# Multiplicative function

*Outside number theory, the term***multiplicative function**is usually used for completely multiplicative functions. This article discusses number theoretic multiplicative functions.

In number theory, a **multiplicative function** is an arithmetic function *f*(*n*) of the positive integer *n* with the property that *f*(1) = 1 and whenever
*a* and *b* are coprime, then

*f*(*ab*) =*f*(*a*)*f*(*b*).

An arithmetic function *f*(*n*) is said to be **completely multiplicative** (or **totally multiplicative**) if *f*(1) = 1 and *f*(*ab*) = *f*(*a*) *f*(*b*) holds *for all* positive integers *a* and *b*, even when they are not coprime.

## Contents

## Examples

Some multiplicative functions are defined to make formulas easier to write:

- 1(
*n*): the constant function, defined by 1(*n*) = 1 (completely multiplicative)

- the indicator function of the set . This is multiplicative if the set
*C*has the property that if*a*and*b*are in*C*, gcd(*a*,*b*)=1, then*ab*is also in C. This is the case if*C*is the set of squares, cubes, or higher powers, or if*C*is the set of square-free numbers.

- Id(
*n*): identity function, defined by Id(*n*) =*n*(completely multiplicative)

- Id
_{k}(*n*): the power functions, defined by Id_{k}(*n*) =*n*^{k}for any complex number*k*(completely multiplicative). As special cases we have- Id
_{0}(*n*) = 1(*n*) and - Id
_{1}(*n*) = Id(*n*).

- Id

- (
*n*): the function defined by (*n*) = 1 if*n*= 1 and 0 otherwise, sometimes called*multiplication unit for Dirichlet convolution*or simply the*unit function*; the Kronecker delta δ_{in}; sometimes written as*u*(*n*), not to be confused with (*n*) (completely multiplicative).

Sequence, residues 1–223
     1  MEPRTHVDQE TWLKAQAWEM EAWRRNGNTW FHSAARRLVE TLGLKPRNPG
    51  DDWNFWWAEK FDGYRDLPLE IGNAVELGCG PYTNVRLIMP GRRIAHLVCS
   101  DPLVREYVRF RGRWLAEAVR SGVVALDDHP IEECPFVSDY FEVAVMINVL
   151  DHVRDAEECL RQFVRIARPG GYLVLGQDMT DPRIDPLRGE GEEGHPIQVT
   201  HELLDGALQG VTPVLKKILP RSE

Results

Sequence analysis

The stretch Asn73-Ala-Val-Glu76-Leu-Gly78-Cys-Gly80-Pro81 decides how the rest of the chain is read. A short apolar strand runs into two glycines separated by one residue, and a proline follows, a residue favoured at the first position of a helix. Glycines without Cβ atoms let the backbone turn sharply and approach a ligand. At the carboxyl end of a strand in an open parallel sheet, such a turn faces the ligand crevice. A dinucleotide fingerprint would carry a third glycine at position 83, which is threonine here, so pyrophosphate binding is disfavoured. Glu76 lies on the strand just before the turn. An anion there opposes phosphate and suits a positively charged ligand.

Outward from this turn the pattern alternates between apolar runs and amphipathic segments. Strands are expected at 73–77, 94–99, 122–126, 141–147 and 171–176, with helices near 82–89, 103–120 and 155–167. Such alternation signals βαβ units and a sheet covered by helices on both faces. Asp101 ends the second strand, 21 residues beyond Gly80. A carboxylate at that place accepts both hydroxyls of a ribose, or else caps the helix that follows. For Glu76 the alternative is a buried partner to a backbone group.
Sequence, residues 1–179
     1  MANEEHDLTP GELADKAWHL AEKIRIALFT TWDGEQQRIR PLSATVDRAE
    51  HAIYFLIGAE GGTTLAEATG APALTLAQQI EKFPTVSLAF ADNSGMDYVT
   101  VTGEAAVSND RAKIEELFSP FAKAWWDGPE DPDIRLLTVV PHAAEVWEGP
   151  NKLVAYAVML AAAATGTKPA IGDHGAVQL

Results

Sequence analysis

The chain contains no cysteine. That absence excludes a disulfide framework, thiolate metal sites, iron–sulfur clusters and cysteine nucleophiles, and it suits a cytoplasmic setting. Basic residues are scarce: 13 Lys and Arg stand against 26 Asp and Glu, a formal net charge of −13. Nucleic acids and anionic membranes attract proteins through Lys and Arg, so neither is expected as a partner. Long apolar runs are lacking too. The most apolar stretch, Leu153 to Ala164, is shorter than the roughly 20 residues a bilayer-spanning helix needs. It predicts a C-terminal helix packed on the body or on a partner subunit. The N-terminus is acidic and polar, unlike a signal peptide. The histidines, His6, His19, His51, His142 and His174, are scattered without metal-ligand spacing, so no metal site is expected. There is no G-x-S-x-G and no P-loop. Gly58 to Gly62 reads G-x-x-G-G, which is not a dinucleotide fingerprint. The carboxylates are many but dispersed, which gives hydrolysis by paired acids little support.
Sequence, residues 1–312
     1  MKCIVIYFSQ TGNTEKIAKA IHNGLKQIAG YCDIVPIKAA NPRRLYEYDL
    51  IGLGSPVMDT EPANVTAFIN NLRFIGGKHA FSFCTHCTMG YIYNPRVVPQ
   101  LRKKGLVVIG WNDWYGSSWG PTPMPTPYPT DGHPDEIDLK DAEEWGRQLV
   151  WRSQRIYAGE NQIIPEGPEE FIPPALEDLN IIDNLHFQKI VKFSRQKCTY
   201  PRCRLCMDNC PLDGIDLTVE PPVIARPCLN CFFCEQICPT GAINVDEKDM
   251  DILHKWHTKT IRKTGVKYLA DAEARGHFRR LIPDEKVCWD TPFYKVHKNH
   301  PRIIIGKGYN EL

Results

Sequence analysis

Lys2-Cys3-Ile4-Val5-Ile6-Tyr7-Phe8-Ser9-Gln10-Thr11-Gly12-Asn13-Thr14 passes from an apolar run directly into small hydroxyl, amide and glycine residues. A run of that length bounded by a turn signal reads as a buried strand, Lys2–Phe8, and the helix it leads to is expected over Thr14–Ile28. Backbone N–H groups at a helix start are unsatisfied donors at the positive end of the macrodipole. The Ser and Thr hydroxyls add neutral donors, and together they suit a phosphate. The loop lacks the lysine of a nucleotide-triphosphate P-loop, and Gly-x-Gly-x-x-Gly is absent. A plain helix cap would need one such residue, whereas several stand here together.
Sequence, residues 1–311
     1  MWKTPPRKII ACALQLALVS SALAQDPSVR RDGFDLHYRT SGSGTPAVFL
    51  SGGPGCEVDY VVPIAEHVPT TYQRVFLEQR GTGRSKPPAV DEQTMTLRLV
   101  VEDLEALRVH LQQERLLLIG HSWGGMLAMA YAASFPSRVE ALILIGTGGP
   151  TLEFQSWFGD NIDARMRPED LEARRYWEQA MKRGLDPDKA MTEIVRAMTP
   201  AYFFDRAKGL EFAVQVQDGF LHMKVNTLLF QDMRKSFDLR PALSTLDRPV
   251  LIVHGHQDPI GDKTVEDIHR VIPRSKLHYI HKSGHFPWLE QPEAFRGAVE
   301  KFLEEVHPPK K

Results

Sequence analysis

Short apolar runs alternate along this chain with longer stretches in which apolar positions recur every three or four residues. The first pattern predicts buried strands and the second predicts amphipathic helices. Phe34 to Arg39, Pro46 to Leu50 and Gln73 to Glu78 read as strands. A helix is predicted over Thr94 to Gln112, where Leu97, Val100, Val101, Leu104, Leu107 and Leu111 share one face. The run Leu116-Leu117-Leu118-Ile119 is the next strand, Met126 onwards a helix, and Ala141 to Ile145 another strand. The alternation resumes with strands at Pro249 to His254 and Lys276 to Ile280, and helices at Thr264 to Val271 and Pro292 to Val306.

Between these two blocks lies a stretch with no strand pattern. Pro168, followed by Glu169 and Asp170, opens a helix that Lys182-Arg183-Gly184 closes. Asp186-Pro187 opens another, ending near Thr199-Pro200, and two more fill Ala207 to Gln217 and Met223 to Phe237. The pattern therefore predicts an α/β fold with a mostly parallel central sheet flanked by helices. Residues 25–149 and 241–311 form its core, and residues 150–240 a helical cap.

Other examples of multiplicative functions include many functions of importance in number theory, such as:

- gcd(
*n*,*k*): the greatest common divisor of*n*and*k*, as a function of*n*, where*k*is a fixed integer.

- (
*n*): Euler's totient function , counting the positive integers coprime to (but not bigger than)*n*

- (
*n*): the Möbius function, the parity (−1 for odd, +1 for even) of the number of prime factors of square-free numbers; 0 if*n*is not square-free

_{k}(*n*): the divisor function, which is the sum of the*k*-th powers of all the positive divisors of*n*(where*k*may be any complex number). Special cases we have_{0}(*n*) =*d*(*n*) the number of positive divisors of*n*,_{1}(*n*) = (*n*), the sum of all the positive divisors of*n*.

- (
*n*): the Liouville function, λ(*n*) = (−1)^{Ω(n)}where Ω(*n*) is the total number of primes (counted with multiplicity) dividing*n*. (completely multiplicative).

- (
*n*), defined by (*n*) = (−1)^{$\omega$(n)}, where the additive function (*n*) is the number of distinct primes dividing*n*.

- All Dirichlet characters are completely multiplicative functions. For example
- (
*n*/*p*), the Legendre symbol, considered as a function of*n*where*p*is a fixed prime number.

- (

An example of a non-multiplicative function is the arithmetic function *r*_{2}(*n*) - the number of representations of *n* as a sum of squares of two integers, positive, negative, or zero, where in counting the number of ways, reversal of order is allowed. For example:

- 1 = 1
^{2}+ 0^{2}= (-1)^{2}+ 0^{2}= 0^{2}+ 1^{2}= 0^{2}+ (-1)^{2}

and therefore *r*_{2}(1) = 4 ≠ 1. This shows that the function is not multiplicative. However, *r*_{2}(*n*)/4 is multiplicative.